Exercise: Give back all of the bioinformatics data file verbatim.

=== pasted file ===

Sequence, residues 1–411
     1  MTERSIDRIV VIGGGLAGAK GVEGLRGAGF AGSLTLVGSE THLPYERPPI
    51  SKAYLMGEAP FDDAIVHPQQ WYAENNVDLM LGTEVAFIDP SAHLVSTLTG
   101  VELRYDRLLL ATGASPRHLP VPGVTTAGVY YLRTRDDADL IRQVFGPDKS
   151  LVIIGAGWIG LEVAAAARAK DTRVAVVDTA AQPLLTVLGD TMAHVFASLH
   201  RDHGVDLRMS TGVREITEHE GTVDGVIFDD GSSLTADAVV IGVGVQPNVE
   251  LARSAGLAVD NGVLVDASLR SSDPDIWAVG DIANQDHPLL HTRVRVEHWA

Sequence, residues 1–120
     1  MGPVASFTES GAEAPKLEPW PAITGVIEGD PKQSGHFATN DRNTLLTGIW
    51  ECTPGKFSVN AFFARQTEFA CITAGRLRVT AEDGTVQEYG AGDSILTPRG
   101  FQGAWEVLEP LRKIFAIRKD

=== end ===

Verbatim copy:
Sequence, residues 1–411
     1  MTERSIDRIV VIGGGLAGAK GVEGLRGAGF AGSLTLVGSE THLPYERPPI
    51  SKAYLMGEAP FDDAIVHPQQ WYAENNVDLM LGTEVAFIDP SAHLVSTLTG
   101  VELRYDRLLL ATGASPRHLP VPGVTTAGVY YLRTRDDADL IRQVFGPDKS
   151  LVIIGAGWIG LEVAAAARAK DTRVAVVDTA AQPLLTVLGD TMAHVFASLH
   201  RDHGVDLRMS TGVREITEHE GTVDGVIFDD GSSLTADAVV IGVGVQPNVE
   251  LARSAGLAVD NGVLVDASLR SSDPDIWAVG DIANQDHPLL HTRVRVEHWA

Sequence, residues 1–120
     1  MGPVASFTES GAEAPKLEPW PAITGVIEGD PKQSGHFATN DRNTLLTGIW
    51  ECTPGKFSVN AFFARQTEFA CITAGRLRVT AEDGTVQEYG AGDSILTPRG
   101  FQGAWEVLEP LRKIFAIRKD